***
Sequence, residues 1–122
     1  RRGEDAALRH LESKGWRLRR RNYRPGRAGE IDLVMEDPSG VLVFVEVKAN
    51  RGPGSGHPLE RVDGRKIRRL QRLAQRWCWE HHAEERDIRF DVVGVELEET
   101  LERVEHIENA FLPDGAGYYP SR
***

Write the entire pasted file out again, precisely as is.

Sequence, residues 1–122
     1  RRGEDAALRH LESKGWRLRR RNYRPGRAGE IDLVMEDPSG VLVFVEVKAN
    51  RGPGSGHPLE RVDGRKIRRL QRLAQRWCWE HHAEERDIRF DVVGVELEET
   101  LERVEHIENA FLPDGAGYYP SR